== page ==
John Seeberg

Written by John Seeberg

Laura Ward

Reviewed by Laura Ward

Updated: May 14, 2024

Optimeal Wet Review

Updated: May 14, 2024

Our Verdict



Optimeal wet cat food receives the Cat Food Advisor rating, 4 stars

This range of food lists animal ingredients as the first ingredient and includes other meat-based ingredients too. The levels of protein are high and come from quality sources.  However, this food does contain plant-based protein.

  • Includes animal protein - meat and muscle
  • Low level of carbohydrate
  • High in moisture content
  • All recipes are free of artificial colors, flavors, and preservatives
  • Some recipes contain plant based proteins
  • Some fats provided from sunflower oil
  • Price is more expensive than some cat foods

Each recipe includes its AAFCO nutrient profile: Growth (kitten), Maintenance (adult), All Life Stages, Supplemental or Unspecified.

The Optimeal wet product line includes four cat foods.

Product line Rating AAFCO
Optimeal Tender Morsels With Lamb & Veggies In Aspic Tender For Adult Cats 4 M
Optimeal Tender Morsels With Beef & Rabbit In Savory Sauce For Adult Cats 4 M
Optimeal Tender Morsels in Chicken & Turkey In Gravy For Adult Cats 4 M
Optimeal Tender Morsels With Real Shrimp & Salmon In Savory Sauce For Adult Cats 4 M

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Recipe and Label Analysis

Optimeal Tender Morsels With Lamb & Veggies In Aspic Tender For Adult Cats was selected to represent the other products in the line for a detailed recipe and nutrient analysis.

Label and nutrient data below are calculated using dry matter basis.

Optimeal Tender Morsels With Lamb & Veggies In Aspic Tender For Adult Cats

Estimated Dry Matter Nutrient Content







Chicken broth, chicken, beef heart, pork liver, wheat gluten, lamb, pork lungs, dried plasma, carrots, green beans, water sufficient for processing, potassium chloride, natural flavor, carrageenan, salmon oil, choline chloride, sodium tripolyphosphate, dl-methionine, taurine, calcium carbonate, cranberries, vitamin E supplement, fructooligosaccharide (fos), yeast extract, dried pot marigold, chamomile, thyme, l-ascorbyl-2-polyphosphate (source of vitamin C), zinc sulfate, sunflower oil, niacin supplement, manganese sulfate, copper sulfate, calcium pantothenate, thiamine mononitrate, potassium iodide, folic acid, menadione sodium bisulfite complex, pyridoxine hydrochloride, biotin, vitamin d3 supplement.

Fiber (estimated dry matter content) = 0.5%

Red denotes any controversial items

Ingredients Analysis

The first ingredient is chicken broth.  Broths are of only modest nutritional value. Yet because they add both flavor and moisture to a cat food, they are a common component in many wet products.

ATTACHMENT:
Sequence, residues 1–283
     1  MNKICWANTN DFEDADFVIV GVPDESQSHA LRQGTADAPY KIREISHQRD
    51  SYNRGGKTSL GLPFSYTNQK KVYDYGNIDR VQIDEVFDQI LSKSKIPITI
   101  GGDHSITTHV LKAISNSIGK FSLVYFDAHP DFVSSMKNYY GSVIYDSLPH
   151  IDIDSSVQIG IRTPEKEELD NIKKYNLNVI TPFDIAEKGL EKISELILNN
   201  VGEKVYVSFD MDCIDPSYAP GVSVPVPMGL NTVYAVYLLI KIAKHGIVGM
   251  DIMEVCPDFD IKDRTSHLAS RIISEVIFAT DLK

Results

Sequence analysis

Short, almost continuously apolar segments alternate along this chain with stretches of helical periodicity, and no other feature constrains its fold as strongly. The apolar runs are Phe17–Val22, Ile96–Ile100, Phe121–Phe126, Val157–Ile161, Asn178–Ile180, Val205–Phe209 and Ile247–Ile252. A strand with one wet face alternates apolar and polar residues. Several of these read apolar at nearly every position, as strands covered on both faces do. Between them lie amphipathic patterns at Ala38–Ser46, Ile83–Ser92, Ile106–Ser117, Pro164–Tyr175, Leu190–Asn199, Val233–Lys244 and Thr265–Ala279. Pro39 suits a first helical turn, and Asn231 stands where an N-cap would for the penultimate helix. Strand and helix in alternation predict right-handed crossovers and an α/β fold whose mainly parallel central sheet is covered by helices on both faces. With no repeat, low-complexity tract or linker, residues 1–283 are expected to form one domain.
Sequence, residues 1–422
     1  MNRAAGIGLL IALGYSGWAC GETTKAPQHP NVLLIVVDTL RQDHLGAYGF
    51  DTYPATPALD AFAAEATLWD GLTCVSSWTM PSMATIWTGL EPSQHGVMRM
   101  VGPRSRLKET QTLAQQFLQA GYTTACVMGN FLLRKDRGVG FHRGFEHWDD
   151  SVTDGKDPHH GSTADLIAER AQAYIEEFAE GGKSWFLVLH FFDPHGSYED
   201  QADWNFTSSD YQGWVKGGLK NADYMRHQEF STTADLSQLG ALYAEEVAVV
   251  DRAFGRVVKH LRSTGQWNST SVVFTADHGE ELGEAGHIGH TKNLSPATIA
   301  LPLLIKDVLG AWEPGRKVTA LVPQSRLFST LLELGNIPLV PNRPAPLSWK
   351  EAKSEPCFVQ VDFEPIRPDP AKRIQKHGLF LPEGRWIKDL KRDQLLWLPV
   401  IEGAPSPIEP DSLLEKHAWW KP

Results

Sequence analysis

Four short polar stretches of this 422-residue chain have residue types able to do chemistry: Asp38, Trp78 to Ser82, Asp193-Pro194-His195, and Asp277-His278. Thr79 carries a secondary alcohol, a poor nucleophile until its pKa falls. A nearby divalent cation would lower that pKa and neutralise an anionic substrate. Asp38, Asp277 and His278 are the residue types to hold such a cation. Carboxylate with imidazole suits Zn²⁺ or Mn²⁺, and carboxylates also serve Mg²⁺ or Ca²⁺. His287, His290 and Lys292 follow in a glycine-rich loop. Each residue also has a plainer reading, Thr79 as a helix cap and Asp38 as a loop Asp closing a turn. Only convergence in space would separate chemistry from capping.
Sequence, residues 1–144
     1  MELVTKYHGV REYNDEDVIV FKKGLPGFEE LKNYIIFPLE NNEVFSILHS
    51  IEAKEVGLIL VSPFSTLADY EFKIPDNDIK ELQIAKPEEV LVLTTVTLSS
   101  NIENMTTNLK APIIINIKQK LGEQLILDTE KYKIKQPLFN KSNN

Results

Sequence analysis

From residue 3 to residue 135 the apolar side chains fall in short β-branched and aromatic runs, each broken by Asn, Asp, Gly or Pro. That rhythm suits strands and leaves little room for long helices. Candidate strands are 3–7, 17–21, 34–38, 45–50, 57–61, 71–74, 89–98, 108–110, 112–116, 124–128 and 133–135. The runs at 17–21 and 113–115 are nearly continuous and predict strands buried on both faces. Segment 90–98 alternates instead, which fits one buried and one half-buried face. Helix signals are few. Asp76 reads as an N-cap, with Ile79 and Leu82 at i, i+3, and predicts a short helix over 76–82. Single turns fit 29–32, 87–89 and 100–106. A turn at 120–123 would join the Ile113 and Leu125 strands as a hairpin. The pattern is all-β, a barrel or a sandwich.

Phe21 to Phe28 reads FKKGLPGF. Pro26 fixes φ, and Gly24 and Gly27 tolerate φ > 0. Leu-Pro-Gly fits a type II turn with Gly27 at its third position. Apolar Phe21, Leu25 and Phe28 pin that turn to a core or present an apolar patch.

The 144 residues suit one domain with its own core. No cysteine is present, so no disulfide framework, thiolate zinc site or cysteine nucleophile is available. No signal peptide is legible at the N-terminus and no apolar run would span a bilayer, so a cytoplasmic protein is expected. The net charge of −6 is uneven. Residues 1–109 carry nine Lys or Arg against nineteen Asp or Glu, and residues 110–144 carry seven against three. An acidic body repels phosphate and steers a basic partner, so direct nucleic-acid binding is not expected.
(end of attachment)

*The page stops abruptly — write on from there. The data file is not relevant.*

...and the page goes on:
The second ingredient is chicken. Chicken is considered “the clean combination of flesh and skin derived from the parts or whole carcasses of chicken”. 1

Chicken is naturally rich in the 11 essential amino acids required by a cat to sustain life.

The third ingredient is beef heart. Although it doesn’t sound very appetizing to us humans, heart tissue is pure muscle — all meat. It’s naturally rich in quality protein, minerals and complex B vitamins, too.

The fourth ingredient is pork liver. This is an organ meat sourced from a named animal and thus considered a beneficial component.

The fifth ingredient is wheat gluten. Gluten is the rubbery residue remaining once wheat has had most of its starchy carbohydrate washed out of it.

Compared to meat, glutens are inferior plant-based proteins low in some of the essential amino acids dogs need for life.

This inexpensive plant-based ingredient can significantly boost the total protein reported on the label — a factor that must be considered when judging the actual meat content of this cat food.

The sixth ingredient is lamb. Lamb is considered “the clean flesh derived from slaughtered” lamb and associated with skeletal muscle or the muscle tissues of the tongue, diaphragm, heart or esophagus. 2

Lamb is naturally rich in all 11 essential amino acids required by a cat to sustain life.

The seventh ingredient is pork lungs. Lung is a protein-rich organ meat that’s also low in fat.

The eighth ingredient is dried plasma. Plasma is what remains of blood after the blood cells themselves have been removed. In most cases, plasma can be considered a nutritious addition.